In a research note, Ming-Chi Kuo from TF Securities cites competition from 5G adoption in high-end Android phones, forcing the revision from Apple. As a result of the proliferation, Kuo believes that consumer sentiment will demand that all of the 2020 models have the technology.
What isn't yet certain is if Apple will release a 5G phone without mmWave technologies for some markets like China that only will support sub-6GHz networks. Kuo believes that "Apple and EMS who are currently focusing on developing and testing mmWave may not have enough development resources if Apple would like to develop the 5G iPhone, which will only support Sub-6GHz."
For 5G specifically, frequencies can be generally categorized into one of two groups —low-frequency sub-6GHz bands, and higher-frequency 6GHz bands. The first low range consists of bands that are currently used for existing mobile network communications, as low as 600MHz and up to 2,600MHz, though it can also include "C-Bands" up to 4,700MHz.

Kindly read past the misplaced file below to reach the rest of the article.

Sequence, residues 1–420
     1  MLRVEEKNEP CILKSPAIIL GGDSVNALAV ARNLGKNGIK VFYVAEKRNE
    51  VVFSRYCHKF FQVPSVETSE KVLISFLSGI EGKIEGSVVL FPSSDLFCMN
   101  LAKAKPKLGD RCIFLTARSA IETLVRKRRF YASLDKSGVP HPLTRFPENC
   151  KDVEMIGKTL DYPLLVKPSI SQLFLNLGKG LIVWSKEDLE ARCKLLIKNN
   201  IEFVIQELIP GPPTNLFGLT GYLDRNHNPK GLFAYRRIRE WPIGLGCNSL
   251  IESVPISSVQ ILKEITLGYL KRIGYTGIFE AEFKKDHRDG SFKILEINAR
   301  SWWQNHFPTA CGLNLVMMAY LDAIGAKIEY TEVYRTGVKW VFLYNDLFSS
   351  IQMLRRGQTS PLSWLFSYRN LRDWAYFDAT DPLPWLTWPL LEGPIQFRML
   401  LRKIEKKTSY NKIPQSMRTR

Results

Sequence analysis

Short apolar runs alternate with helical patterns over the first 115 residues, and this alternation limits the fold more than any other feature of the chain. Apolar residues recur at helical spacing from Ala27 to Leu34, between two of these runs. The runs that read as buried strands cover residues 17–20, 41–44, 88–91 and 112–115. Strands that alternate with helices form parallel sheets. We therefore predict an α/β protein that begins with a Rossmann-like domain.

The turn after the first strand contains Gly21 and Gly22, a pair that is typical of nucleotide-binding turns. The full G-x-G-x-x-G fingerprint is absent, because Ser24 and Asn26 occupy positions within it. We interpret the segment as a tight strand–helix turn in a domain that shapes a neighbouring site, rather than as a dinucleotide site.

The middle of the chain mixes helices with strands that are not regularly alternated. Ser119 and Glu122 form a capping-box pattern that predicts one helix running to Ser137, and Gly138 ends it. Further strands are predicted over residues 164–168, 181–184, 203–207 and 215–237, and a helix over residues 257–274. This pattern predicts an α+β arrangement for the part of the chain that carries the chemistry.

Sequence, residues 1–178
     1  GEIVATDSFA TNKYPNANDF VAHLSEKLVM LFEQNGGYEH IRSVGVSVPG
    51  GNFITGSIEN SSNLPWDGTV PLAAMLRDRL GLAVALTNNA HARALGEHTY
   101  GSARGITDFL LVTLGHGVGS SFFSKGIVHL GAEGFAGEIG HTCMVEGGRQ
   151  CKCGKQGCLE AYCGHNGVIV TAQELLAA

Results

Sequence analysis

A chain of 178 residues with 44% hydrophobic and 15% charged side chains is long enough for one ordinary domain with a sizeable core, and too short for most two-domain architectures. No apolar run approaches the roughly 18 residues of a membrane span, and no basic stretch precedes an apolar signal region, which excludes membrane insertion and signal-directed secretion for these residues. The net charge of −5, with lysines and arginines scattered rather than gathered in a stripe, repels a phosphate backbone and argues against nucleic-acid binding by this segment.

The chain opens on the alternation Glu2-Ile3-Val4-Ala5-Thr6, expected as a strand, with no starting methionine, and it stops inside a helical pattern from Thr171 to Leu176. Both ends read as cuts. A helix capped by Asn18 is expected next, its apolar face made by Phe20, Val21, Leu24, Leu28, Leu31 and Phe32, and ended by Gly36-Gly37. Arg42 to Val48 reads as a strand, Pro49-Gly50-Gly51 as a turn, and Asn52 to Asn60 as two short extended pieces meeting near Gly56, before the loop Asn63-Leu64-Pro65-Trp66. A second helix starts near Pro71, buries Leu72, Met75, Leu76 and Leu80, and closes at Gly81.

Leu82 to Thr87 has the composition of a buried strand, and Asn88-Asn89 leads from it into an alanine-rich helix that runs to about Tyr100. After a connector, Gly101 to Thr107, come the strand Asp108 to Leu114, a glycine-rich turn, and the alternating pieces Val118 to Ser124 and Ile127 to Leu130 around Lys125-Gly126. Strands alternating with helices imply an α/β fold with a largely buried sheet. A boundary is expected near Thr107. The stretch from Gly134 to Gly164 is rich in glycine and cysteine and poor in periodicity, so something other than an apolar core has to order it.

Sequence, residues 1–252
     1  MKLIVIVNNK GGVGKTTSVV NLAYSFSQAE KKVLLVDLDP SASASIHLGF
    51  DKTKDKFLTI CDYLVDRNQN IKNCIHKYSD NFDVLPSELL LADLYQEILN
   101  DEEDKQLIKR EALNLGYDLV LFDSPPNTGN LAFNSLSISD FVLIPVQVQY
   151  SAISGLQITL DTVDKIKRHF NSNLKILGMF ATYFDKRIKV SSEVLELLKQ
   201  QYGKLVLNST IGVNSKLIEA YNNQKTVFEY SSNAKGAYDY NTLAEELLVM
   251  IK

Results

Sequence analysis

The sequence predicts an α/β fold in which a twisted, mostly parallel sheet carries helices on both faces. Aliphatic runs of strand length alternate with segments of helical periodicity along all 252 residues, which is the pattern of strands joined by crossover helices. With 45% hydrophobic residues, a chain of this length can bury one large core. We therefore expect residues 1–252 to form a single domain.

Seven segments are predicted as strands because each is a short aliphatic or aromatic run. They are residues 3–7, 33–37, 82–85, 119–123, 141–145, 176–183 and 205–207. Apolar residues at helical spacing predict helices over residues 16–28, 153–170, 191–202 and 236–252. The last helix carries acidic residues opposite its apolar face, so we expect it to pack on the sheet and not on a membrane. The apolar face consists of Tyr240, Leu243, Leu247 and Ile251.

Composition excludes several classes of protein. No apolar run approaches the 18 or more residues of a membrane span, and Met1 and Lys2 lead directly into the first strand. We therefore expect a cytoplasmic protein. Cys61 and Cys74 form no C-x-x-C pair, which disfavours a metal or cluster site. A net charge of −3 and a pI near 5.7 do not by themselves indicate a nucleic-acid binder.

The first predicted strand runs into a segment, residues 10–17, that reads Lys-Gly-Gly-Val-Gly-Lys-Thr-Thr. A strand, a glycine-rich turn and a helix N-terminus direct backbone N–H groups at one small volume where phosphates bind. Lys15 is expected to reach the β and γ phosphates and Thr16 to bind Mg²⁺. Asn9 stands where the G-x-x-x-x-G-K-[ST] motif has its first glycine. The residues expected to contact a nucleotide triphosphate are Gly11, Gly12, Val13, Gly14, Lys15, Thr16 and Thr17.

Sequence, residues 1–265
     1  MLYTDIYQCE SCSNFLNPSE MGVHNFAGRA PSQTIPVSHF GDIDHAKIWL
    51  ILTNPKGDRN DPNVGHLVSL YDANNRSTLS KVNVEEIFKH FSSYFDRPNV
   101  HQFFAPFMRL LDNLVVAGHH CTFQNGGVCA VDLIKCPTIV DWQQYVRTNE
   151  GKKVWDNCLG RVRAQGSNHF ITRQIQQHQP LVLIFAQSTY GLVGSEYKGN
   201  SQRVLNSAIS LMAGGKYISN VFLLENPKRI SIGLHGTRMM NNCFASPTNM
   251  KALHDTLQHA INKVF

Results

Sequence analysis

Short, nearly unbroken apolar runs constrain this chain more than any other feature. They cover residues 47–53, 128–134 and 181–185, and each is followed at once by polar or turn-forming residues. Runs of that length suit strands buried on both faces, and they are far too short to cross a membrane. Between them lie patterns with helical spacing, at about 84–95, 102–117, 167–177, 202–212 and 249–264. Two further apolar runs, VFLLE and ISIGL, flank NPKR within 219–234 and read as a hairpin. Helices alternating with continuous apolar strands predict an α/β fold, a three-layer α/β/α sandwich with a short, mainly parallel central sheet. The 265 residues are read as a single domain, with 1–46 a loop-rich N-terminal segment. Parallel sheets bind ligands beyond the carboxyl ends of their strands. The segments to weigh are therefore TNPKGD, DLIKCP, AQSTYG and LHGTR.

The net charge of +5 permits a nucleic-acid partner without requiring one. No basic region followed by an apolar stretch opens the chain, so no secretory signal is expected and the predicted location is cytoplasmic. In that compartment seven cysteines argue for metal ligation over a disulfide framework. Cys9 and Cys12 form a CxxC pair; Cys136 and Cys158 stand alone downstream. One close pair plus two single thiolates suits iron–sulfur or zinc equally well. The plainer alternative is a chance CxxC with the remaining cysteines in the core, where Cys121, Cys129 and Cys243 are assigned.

The 6GHz band is referred to as mmWave in the US. It is the part of the 5G specification that delivers the fast speeds —assuming that a handset is within the short range of a mmWave transmitter.
Rumors have suggested that Apple will use a smaller TrueDepth camera — allowing it to shrink the notchon OLED screens —plus a seven-piece lens system for the rear camera. A more questionable claim is that there could be a China-exclusive model that switches out Face ID for subscreen Touch ID.
A recent rumor suggests that the Taptic Engine responsible for all of the iPhone haptics will see a revision in 2019, and carried along to the 2020 iPhone.
It is generally believed that Apple will have three models, all of them OLED-based, in 5.4-, 6.1-, and 6.7-inch sizes. Kuo previously believed that the 6.1-inch unit would forego 5G support, relegating it to mid-tier status like 2018's iPhone XR